New York Knicks Frank Ntilikina
(Photo by Abbie Parr/Getty Images)

The New York Knicks schedule is out and it’s a first look at how the season could play out for the young Knickerbockers.

The NBA schedule was finally unveiled on Friday and New York Knicks fans can start plotting out wins and losses on the schedule. The conspiracy theorists (looking at you Stan Van Gundy) can search for something to complain about. But most of all, we can take a look at the important parts of the schedule, the tough stretches, and the most intriguing matchups.

Nationally Televised Games

The Knicks are still a big-ticket franchise despite what their record may say. That being said, the Knicks only have five nationally televised games (12 if NBA TV games are included). They are certainly on the lower end of the spectrum, but they also have the benefit of landing another Christmas Day game at home.

Their first nationally televised game comes on Oct. 31 against the Indiana Pacers. This game will be broadcast on MSG as well as ESPN. The Knicks and Pacers will take center stage once again on Jan. 11 when they are televised on ESPN. The Knicks-Pacers rivalry stretches back to Reggie Miller and Patrick Ewing. Hopefully, once the Knicks pull themselves out of the depths of the East Victor Oladipo and Kristaps Porzingis can reignite this rivalry.

The second national game of the season comes in Boston on Dec. 6. Oddly enough, the Knicks play another nationally televised game against the Celtics on Feb. 1 in the Garden—Madison Square Garden that is. So four of the five national games for the Knicks come against the Pacers and the Celtics.

Additionally, the Kyrie Irving rumors are already gaining steam. Each of these games will be another opportunity for everyone to discuss Irving playing his home games in the Garden—the real one, Madison Square Garden. However likely or unlikely the rumors are, the Knicks and Celtics appearing on national TV is a no-brainer.

The biggest nationally televised game for the Knicks is undoubtedly the team’s meeting with Giannis Antetokounmpo and the Milwaukee Bucks on Christmas Day. The biggest day of the NBA regular season coincides with the day St. Nick slides down the chimney. Giannis brings the star power and the Knicks bring brand recognition. People can complain about it until they are blue in the face, but the Knicks should always play on Christmas Day.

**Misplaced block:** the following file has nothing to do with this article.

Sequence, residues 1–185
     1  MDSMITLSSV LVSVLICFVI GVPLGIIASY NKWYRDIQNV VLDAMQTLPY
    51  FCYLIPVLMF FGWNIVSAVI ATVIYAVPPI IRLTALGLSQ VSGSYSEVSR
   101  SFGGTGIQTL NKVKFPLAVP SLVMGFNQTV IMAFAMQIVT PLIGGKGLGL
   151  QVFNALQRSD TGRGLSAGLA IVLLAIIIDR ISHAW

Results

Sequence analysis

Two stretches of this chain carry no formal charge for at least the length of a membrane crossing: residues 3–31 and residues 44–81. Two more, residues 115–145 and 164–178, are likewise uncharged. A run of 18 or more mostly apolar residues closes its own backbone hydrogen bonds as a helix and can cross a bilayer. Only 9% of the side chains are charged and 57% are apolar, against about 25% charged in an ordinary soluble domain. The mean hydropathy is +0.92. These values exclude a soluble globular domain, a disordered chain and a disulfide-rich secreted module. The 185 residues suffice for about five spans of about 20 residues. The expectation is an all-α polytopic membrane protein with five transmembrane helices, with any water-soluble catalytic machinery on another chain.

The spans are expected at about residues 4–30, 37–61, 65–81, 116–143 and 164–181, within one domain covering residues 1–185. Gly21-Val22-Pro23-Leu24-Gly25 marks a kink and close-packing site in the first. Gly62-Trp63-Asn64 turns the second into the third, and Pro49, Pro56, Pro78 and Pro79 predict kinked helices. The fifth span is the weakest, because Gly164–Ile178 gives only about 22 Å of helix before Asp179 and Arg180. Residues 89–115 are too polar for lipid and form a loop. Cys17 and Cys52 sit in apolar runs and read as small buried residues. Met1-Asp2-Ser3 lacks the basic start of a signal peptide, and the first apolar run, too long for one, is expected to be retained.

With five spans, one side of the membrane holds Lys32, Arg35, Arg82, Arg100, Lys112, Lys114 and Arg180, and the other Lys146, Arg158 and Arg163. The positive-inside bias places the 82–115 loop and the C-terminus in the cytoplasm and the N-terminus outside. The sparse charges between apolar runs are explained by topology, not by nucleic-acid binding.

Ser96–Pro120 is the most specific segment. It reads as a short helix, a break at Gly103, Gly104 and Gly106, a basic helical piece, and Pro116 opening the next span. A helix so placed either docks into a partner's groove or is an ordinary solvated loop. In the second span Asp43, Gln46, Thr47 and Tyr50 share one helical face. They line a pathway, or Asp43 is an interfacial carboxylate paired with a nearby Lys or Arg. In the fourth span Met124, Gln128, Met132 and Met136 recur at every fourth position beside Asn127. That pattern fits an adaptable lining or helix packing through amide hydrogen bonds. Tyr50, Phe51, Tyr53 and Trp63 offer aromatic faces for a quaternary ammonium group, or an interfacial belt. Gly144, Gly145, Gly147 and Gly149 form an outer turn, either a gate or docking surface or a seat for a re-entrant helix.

However, this game could take on an entirely new meaning if a certain Latvian big man shocks the world and returns from injury. Porzingis tore his ACL last season after landing awkwardly on a dunk against Giannis and the Bucks. It would be fitting if the Unicorn made his return against the Bucks and give every Knicks fan one present on their wish list.

Of course, this is pure speculation at this point and neither the Knicks or Porzingis have made any indication as to when he’ll return. But it would be as dramatic a comeback as the Latvian could possibly make.

Easiest Stretch

Unfortunately for David Fizdale and his squad, there aren’t many breaks in this year’s schedule. The team is in a brutal division with three of the favorites in the Eastern Conference (Philadelphia, Boston, Toronto) and an up-and-coming Brooklyn Nets squad.

But if there is a brief respite in the schedule, it comes at the end of February and beginning of March. Starting on Feb. 26 the Knicks play the Magic (H), the Cavaliers (H), the Clippers (A), the Kings (A), the Suns (A) and finish up with the Kings (H). All six of these games are winnable games on paper.

But what makes this stretch difficult is the road trip out west with a back-to-back sandwiched in there. It’s not an easy stretch by any measure, but that signifies just how difficult the Knicks’ schedule looks on paper.

Toughest Stretch